In the mid-1990s, state officials took over Newark’s schools because of academic underperformance and fiscal mismanagement. Early efforts failed to make an impact. Over the past decade, things have changed: Newark is now one of the most improved school districts in New Jersey. In 2018, an elected school board regained control of Newark schools.

In 1995, the state took over Newark for academic underperformance and financial mismanagement.

In 2006, students in Newark scored in the 39th percentile of similar school districts in New Jersey.

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In 2011, only 63% of students graduated from high school.

Newark introduced a series of efforts to improve schools. The changes empowered educators, shifted resources from the central bureaucracy, and gave families more equitable access to public schools across the city.


The State of New Jersey approved the opening and expansion of a number of high quality non-profit charter schools in Newark, providing thousands of families the opportunity to attend higher-performing schools. The state also closed charter schools that were not meeting expectations.


Newark Public Schools created a unified enrollment system that provides parents with equitable access to schools across the city.


Newark Public Schools made major investments in recruiting, supporting, and retaining effective educators. They accomplished this through a new innovative collective bargaining agreement for teachers and an expanded support system for educators across the district.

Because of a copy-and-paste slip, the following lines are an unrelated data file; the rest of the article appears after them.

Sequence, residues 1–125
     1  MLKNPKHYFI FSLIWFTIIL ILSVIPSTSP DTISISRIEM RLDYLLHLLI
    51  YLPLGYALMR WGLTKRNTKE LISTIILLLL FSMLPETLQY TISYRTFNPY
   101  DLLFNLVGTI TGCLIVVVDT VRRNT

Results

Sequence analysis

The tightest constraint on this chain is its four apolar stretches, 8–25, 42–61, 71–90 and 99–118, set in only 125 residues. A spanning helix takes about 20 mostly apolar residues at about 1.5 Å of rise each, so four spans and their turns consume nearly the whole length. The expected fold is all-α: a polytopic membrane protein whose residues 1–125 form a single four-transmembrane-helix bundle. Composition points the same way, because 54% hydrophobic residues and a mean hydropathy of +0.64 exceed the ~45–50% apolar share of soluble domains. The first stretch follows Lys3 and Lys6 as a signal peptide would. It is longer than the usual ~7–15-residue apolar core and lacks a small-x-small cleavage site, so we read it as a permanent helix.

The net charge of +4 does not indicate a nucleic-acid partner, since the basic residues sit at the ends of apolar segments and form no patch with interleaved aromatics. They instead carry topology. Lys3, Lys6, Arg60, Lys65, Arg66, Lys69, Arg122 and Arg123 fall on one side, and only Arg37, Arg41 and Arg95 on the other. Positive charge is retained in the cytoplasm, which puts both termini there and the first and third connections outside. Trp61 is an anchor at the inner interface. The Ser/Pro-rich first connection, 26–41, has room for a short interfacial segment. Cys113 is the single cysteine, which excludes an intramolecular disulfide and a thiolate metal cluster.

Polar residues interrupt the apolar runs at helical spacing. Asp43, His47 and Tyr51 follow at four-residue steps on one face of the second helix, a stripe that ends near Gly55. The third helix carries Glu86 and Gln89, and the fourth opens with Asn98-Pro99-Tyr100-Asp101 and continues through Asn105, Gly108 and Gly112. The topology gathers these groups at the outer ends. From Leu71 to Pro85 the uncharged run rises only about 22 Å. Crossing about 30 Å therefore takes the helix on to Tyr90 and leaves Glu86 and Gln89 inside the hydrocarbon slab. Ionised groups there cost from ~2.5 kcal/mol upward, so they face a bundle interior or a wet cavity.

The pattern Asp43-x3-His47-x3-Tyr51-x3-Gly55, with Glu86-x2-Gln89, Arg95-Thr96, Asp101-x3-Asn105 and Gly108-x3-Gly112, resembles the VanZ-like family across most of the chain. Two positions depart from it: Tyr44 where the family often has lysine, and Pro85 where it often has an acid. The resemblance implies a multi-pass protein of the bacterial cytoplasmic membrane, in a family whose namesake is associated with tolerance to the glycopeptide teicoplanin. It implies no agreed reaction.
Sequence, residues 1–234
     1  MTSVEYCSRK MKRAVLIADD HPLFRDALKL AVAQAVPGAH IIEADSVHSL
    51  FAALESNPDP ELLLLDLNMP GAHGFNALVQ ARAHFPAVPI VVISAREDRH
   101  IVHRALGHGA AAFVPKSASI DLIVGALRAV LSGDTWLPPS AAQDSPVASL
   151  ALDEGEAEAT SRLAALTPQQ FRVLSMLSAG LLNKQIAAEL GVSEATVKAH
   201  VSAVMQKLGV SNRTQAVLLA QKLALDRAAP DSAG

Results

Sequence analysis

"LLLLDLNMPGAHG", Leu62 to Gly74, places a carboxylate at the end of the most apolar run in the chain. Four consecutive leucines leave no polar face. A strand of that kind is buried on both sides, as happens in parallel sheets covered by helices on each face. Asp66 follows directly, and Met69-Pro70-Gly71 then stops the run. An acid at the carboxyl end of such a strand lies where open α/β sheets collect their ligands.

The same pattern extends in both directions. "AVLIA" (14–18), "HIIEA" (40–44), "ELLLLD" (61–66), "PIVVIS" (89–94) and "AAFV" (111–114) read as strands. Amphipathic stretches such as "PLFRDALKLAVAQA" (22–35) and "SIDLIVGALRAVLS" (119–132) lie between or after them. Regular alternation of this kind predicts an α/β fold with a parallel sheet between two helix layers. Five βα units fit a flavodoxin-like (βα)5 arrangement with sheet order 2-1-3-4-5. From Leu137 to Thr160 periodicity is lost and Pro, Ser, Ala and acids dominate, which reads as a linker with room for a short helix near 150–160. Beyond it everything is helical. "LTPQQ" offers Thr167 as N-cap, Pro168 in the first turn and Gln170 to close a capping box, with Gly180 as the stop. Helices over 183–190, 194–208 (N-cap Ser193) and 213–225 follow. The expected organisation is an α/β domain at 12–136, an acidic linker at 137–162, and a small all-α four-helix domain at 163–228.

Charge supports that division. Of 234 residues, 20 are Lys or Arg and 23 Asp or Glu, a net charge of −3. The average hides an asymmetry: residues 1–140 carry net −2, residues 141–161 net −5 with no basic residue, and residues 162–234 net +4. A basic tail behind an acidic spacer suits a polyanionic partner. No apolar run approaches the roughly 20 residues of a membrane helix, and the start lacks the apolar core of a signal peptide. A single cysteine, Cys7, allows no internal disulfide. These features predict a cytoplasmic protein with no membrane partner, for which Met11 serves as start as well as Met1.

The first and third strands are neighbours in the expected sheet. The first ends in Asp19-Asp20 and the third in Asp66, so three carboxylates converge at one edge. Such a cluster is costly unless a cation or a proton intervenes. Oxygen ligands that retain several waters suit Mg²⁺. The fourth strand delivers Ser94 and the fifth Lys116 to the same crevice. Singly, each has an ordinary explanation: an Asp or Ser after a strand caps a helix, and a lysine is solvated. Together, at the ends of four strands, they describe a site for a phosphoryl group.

The reforms have led to major gains in educational opportunity, especially for low-income students.

Newark now ranks in the 80th percentile of similar districts across New Jersey.

Charter schools in Newark now outperform New Jersey state averages.

New Jersey has one of the highest-performing school systems in America. In 2019, low-income African American and Latinx children in Newark charter schools outperformed their wealthier peers across the state.

The reforms have been particularly impactful for African-American students.

The percentage of African-American students who attend a school that outperforms the state average has increased from 7% to 31%

The graduation rate in Newark has increased from 62.5% in 2011 to 76% in 2019.

Newark has made incredible progress over the past decade, particularly for low-income students. However, 15,000 students still attend underperforming district and charter schools. Much work remains to ensure every Newark student attends an amazing public school.

Read about a study showing that public school students in Newark are beating the odds